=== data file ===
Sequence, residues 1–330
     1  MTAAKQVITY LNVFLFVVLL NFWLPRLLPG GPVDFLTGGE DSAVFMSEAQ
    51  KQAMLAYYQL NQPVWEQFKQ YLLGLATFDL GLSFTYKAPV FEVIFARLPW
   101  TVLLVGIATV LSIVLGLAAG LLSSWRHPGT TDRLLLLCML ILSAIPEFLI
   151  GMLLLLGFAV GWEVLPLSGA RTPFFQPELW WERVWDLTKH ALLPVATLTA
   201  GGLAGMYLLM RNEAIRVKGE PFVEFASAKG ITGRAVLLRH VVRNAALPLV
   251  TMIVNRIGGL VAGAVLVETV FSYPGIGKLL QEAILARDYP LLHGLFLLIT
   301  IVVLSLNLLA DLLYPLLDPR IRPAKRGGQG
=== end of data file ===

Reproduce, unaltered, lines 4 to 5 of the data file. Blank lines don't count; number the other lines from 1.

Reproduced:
   101  TVLLVGIATV LSIVLGLAAG LLSSWRHPGT TDRLLLLCML ILSAIPEFLI
   151  GMLLLLGFAV GWEVLPLSGA RTPFFQPELW WERVWDLTKH ALLPVATLTA